6 min read•january 23, 2023

Dylan Black

Dalia Savy

In Unit 6, we discussed **Hess’s Law** and how it can be used to find the value of ΔH for reactions by adding together, flipping, and multiplying reactions. In this section, we’ll apply similar rules to equilibrium! If you did well with Hess’s Law problems then you should do fine with problems involving the properties of the equilibrium constant.

Let's bring Hess's Law back into memory a little bit, as it'll help you with the content in this study guide. Hess's Law is stated as simply as enthalpy is a state function. No matter what way you go from reactants to products, you will end up with the same enthalpy of reaction for the reaction. This means that if we know the enthalpy of formation for different reactions, we can manipulate them to get a single reaction and find the enthalpy of that single reaction.

There are three major rules of Hess's Law:

- When a reaction is reversed, the enthalpy change stays constant in magnitude but becomes reversed in mathematical sign (Flipping the reaction flips the sign of ΔH🔁).
- If an equation is multiplied by n, ΔH has to also be multiplied by n.
- When two (or more) reactions are added to obtain an overall reaction➕, the individual enthalpy changes of each reaction are added to obtain the net change of enthalpy of the overall reaction.

Now, let's see how these rules can be applied to the equilibrium constant and its properties.

Flipping reactions is essentially the equivalent of saying, “Let’s start with the products and end with the reactants”. Because of this, we can find out what our equilibrium constant will be by writing out the formula for the equilibrium constant for both equations:

If our original reaction was A ⇌ B, that would make K = [B]/[A]. Let’s think about our K value for the reverse, B ⇌ A. You may think that the equilibrium constant would be the same because A ⇌ B is reversible, but in this case the *forward* reaction is what the backward reaction really is. You're basically changing your perspective when looking at the chemical equation. Rewriting our equilibrium formula for B ⇌ A we find that K₂ = [A]/[B] = 1/K.

From here we can conclude that flipping a reaction gives it a new K value of 1/K.

**Example of Inverting K**

Let’s look at the following example and how flipping a reaction quantitatively alters Keq.

Once you recognize that the new reaction is the reverse of the initial reaction, you can easily find K for 2NH₃ ⇌ N₂ + 3H₂ to be 1/0.118 = 8.47. Think of this as Final K = 1/Initial K.

Let’s take a look at what happens when we multiply a reaction by a coefficient. When we say multiplying a reaction, we mean taking something like A ⇌ B and multiplying it by a constant *n* to form nA ⇌ nB.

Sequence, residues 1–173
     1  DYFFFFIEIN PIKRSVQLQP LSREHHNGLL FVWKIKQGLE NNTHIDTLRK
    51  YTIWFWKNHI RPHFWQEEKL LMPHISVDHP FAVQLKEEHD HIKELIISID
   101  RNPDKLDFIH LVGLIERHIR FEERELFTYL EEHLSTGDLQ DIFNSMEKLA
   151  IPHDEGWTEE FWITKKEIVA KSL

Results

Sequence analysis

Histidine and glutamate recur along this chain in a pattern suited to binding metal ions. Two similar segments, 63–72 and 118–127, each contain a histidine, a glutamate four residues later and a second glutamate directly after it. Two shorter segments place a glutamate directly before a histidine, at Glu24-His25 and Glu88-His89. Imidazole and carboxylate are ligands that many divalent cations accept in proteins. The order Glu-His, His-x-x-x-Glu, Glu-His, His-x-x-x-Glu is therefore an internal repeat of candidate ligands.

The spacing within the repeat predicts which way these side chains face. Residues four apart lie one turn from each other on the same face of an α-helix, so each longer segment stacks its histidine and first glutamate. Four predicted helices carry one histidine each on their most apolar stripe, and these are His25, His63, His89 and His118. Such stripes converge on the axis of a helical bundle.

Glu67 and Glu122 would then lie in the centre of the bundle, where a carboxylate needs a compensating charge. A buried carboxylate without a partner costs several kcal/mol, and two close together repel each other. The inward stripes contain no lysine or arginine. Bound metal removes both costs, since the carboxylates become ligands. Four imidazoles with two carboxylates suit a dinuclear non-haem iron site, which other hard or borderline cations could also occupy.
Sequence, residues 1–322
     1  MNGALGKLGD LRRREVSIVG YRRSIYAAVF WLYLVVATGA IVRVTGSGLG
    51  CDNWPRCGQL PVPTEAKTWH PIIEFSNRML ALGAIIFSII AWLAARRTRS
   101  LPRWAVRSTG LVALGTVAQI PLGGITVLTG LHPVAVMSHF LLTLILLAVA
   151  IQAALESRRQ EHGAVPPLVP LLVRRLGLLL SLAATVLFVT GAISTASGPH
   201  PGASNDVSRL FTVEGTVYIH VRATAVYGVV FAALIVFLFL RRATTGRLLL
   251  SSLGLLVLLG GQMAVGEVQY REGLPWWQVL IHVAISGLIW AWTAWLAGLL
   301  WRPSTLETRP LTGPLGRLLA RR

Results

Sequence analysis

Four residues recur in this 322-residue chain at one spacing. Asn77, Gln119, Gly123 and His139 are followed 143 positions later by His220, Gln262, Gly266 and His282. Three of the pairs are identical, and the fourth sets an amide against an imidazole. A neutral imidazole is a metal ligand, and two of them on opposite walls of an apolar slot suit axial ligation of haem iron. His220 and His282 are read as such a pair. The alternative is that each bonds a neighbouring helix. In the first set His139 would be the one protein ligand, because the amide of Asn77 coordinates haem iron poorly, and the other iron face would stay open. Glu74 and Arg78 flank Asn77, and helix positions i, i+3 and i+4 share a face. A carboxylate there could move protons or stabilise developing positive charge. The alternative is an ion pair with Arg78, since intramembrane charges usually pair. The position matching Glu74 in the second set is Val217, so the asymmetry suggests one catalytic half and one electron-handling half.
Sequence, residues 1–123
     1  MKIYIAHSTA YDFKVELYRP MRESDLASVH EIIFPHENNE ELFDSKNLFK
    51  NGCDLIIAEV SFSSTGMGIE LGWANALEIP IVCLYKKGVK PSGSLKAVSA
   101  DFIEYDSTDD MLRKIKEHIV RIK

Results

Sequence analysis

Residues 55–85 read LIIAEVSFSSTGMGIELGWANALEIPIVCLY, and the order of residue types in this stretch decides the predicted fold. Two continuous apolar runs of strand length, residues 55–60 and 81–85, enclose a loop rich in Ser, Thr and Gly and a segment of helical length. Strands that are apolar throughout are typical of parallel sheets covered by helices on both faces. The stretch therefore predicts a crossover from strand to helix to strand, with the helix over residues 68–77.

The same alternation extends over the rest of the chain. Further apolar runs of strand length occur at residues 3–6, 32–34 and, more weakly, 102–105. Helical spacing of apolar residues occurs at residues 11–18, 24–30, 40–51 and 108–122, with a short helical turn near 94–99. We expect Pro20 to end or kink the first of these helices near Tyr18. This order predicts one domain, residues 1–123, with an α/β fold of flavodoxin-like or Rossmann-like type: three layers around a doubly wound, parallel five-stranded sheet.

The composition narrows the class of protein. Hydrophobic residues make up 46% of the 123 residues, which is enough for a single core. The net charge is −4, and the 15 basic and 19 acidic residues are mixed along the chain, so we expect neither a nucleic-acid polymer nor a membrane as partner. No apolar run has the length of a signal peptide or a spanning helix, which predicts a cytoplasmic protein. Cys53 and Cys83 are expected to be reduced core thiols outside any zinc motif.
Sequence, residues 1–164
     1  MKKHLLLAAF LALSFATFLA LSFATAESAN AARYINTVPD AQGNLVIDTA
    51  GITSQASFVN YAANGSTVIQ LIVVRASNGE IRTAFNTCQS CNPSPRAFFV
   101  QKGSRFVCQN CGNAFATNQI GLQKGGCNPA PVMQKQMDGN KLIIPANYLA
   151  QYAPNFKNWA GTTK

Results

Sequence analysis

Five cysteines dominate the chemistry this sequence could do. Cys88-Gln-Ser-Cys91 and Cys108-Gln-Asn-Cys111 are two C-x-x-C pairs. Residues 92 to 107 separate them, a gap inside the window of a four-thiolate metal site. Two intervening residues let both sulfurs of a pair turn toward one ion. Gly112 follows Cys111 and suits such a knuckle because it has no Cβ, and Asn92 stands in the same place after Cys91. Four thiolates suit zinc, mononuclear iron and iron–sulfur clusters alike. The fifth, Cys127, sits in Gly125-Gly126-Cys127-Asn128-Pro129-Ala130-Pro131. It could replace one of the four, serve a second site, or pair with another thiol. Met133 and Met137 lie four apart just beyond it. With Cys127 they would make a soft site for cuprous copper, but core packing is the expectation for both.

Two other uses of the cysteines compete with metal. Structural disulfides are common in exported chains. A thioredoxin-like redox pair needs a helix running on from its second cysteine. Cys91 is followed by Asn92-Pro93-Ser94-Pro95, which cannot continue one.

If n=2, our new chemical equation would be 2A ⇌ 2B. This does not change the reaction besides the number of moles that go in and out (the equation remains balanced either way!), but it *does* change the equilibrium constant. Let’s explore why:

For the reaction A ⇌ B, K = [B]/[A]. We established this same fact in part 1.

However, for the reaction 2A ⇌ 2B, K = [B]² / [A]² = ([B]/[A])² = K².

Let’s see if we can generalize this to any *n* coefficient:

For the general multiplied reaction nA ⇌ nB, K = [B]ⁿ / [A]ⁿ = ([B]/[A])ⁿ = Kⁿ.

What does this tell us about how multiplying a reaction impacts the equilibrium constant? It tells us that when we multiply a reaction, our K value gets exponentiated that same amount. For example, multiplying a reaction by 3 cubes K.

**Example of Exponentiating K**

Let’s take a look at a real example:

Comparing the two reactions, you'll quickly notice that only the stoichiometric coefficients have changed, but to what degree? In this case, we've multiplied our reaction by ½. This means that our original K value, 0.118, is raised to the ½ power.

K = (0.118)¹/² = 0.343.

The crux of this section is what happens when we learn what happens when reactions are added together. Like before, let’s look at a general example without any real chemicals:

A ⇌ B : K = [B]/[A]

C ⇌ D : K = [D]/[C]

A + C ⇌ B + D : K = [B][D] / [A][C].

What does this mean? We have two reactions, A ⇌ B and C ⇌ D that we’re adding together to form A + C ⇌ B + D. However, take a look at what happens to our equilibrium constants. It may seem like nothing happened, but in fact, in adding the reactions together we actually *multiplied* our equilibrium constants! K1 was [B]/[A] and K2 was [D]/[C] which multiplied to form [B][D] / [A][C]! Therefore, when we add reactions together we multiply the K values together.

We’ve covered 3 main rules that you may have to combine in problems. Here’s a table of the rules we’ve learned so far and a side-by-side comparison to Hess's Law.

- Reaction 1: (1/2)N₂ + (1/2)O₂ ⇌ NO …. K₁ = 6.55 * 10⁻¹³

- Reaction 2: 2NO + O₂ ⇌ 2NO₂ …. K₂ = 6.9 * 10⁵

We have two reactions that *sorta* look like the reaction we want, so let’s think about ways to get these reactions into a form that allows us to form our reaction by adding the two up.

If we multiply reaction 1 by the constant 2, we’ll get N₂ + O₂ ⇌ 2NO and the subsequent K value of (6.55 * 10⁻¹³)² = 4.3 * 10⁻²⁵.

Next, adding together our multiplied reaction 1 with reaction 2, we’ll find that they equal the reaction that we want! The NOs will cancel out, the (1/2)N₂ is now N₂, and our O₂s will add to form 2O₂. Therefore, our final K will be 4.3 * 10⁻²⁵ * 6.9 * 10⁵ = 3.0 * 10⁻¹⁹.

You may be wondering how to know what to do when you’re given one of these problems without any clear steps. There really is no rhyme or reason, you just have to follow the three rules in a way that makes sense to you.

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